5. A standard Koosh ball consists of 2000 rubber filaments.
Arranged end-to-end, the filaments stretch more than 300 feet on each 3 inch diameter ball. Incidentally, the filaments have a nickname: Stillinger and Button called them “Fühler”.
6. The media made fun of Koosh balls and the industry didn’t get it – but customers loved it.
According to The secret life of the balls“The media made fun of the soft ball. A Sports illustrated Writer compared the Koosh to one Star Trek Tribble, while another reporter likened it to a ‘psychedelic sea urchin’. “Koosh balls were also called” The Pet Rock of the 80s “. Worse still, some people in the industry just didn’t get it: one retailer even thought the filaments were defective and started cutting them off.
But in the end these reactions weren’t important. The Koosh ball hit shelves in 1987, and in 1988 the ball, which a PR person described for OddzOn as “a cross between a porcupine and a bowl of Jell-O”, was a Christmas bestseller. By the next year, it was available in 14,000 toy stores across the country and in 20 countries around the world. Stillinger and Button created other versions of their popular ball, which would eventually be available in three variants: Regular, Fuzzy (with twice as many filaments as the regular) and Mondo, the size of a grapefruit.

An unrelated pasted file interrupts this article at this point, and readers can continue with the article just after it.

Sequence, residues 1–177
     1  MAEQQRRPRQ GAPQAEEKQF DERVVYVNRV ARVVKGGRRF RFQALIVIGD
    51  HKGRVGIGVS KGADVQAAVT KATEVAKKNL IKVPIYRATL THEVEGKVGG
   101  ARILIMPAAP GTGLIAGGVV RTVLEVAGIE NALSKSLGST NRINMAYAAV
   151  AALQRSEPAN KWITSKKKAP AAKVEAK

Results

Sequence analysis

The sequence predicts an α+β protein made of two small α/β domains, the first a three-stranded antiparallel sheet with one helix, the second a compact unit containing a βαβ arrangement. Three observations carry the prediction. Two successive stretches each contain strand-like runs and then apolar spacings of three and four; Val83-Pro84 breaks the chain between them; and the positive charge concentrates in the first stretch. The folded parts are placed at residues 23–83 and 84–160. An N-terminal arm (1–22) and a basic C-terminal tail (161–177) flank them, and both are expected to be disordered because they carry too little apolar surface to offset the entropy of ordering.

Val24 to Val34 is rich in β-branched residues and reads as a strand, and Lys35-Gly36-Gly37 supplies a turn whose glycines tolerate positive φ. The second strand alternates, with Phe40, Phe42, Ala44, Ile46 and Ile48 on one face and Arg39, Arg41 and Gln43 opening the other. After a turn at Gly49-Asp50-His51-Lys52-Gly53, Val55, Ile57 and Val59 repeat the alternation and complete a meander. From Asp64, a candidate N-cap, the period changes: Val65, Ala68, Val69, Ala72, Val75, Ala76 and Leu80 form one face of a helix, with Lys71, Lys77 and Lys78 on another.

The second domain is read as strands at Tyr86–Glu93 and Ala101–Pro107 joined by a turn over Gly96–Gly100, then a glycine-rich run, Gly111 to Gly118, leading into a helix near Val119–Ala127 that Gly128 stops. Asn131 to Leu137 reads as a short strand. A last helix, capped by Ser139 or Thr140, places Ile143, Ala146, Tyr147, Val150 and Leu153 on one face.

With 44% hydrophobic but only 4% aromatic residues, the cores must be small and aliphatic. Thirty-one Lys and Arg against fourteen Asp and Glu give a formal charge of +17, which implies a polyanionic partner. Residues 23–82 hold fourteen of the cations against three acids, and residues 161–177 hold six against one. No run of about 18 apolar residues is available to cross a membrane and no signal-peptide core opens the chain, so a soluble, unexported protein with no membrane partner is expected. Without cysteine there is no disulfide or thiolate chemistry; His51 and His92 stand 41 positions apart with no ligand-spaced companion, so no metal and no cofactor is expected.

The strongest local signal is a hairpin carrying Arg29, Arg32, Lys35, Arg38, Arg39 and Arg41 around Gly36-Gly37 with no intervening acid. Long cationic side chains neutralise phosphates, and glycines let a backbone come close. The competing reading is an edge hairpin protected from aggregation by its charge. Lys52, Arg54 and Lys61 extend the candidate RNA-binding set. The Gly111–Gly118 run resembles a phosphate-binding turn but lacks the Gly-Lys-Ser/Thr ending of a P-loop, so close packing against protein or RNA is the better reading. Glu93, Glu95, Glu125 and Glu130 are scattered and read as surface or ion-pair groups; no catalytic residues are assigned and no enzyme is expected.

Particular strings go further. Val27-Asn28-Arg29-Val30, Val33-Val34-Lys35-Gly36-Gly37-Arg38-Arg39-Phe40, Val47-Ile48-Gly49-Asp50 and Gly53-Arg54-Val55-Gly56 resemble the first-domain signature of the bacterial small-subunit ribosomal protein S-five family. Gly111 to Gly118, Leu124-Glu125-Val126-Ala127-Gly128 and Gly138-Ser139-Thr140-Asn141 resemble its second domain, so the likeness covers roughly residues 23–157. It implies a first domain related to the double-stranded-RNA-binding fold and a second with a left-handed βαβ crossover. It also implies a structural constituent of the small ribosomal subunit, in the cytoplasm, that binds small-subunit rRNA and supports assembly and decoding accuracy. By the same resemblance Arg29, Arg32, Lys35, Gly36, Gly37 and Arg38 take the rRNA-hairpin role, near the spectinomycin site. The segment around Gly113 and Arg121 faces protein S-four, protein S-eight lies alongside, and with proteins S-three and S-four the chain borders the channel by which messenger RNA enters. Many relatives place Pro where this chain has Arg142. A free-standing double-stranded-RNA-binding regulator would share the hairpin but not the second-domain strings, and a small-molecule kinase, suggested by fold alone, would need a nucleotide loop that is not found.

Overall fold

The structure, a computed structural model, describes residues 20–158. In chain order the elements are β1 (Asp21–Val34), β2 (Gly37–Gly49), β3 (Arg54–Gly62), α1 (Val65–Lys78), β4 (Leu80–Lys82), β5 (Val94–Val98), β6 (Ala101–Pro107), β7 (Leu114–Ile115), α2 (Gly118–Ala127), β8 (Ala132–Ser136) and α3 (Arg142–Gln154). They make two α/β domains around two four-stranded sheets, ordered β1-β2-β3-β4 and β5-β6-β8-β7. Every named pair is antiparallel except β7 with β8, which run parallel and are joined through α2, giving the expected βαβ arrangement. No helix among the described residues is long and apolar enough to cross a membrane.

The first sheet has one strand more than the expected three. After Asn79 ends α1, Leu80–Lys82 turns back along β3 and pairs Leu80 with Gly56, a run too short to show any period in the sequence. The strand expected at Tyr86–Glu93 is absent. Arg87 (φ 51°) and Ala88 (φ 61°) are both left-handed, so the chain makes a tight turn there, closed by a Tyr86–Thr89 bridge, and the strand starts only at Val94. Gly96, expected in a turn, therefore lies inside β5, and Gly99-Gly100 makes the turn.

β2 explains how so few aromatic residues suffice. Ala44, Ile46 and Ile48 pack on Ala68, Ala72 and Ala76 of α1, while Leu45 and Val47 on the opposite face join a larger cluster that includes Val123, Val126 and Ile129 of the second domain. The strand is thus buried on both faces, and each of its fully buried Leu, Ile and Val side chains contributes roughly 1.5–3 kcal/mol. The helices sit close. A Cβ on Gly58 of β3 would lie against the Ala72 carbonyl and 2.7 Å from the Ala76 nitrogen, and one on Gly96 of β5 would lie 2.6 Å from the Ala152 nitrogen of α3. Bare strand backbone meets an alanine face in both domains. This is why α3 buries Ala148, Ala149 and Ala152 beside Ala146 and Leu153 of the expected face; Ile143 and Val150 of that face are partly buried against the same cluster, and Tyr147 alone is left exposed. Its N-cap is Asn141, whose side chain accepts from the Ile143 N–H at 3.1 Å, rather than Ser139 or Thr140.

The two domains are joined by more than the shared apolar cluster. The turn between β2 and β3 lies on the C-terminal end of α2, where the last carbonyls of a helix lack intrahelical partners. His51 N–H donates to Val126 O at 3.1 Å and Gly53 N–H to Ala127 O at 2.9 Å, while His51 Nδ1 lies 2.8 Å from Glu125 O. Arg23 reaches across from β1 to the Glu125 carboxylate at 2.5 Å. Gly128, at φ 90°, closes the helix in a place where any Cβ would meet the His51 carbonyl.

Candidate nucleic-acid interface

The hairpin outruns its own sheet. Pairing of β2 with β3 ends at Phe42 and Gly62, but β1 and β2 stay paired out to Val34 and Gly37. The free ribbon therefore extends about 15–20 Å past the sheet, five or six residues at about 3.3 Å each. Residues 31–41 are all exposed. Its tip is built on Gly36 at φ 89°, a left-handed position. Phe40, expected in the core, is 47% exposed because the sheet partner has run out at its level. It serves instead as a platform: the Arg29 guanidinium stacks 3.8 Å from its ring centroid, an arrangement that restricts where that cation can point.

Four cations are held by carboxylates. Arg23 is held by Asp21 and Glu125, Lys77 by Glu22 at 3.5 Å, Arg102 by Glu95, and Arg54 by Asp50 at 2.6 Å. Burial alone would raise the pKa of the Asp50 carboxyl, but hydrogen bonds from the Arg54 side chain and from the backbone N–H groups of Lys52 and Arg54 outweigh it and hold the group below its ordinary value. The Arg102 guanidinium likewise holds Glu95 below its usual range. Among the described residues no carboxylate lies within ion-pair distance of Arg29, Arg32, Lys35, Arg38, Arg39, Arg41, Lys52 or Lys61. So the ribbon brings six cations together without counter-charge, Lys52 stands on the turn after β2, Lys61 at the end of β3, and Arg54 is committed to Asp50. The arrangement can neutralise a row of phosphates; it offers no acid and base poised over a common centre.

In 1990 Stillinger said he and Button were “surprised by the scale [Koosh’s] Success ”without spending any money on consumer advertising. Koosh balls benefited from placement next to registers – where customers couldn’t resist picking them up – and word of mouth. It soon appeared in physics class at a Kansas community college and in physical therapy sessions. There was even a fan club that sent Koosh product suggestions to OddzOn.
7. The Koosh Ball had its own book.
Released 1989, The official Koosh book There were 33 “Kooshy Activities” including a type of tag called “Koosh Attack” and games like “Lakroosh”, “Hopskoosh” and “Kooshy Kooshy Koo”.
8. There was a short-lived Kooshball comic series.
Koosh Kins – a comic strip about six living Kooshes (Grinby, Boingo, GeeGee, Slats, TK, and Scopes), produced by Archie Comics – debuted in 1991. The series ran for a few issues and was, of course, accompanied by a toy line of Koosh balls with faces and hands.
9. There has been a lot of secrecy surrounding Koosh balls.
Or at least where it was made: According to a 1990 newspaper article, OddzOn Products was so wary of competitors stealing its secrets that it kept the exact location of its Silicon Valley manufacturing facility a secret.
10. Ruth Bader Ginsburg has weighed the copyright of the Koosh ball.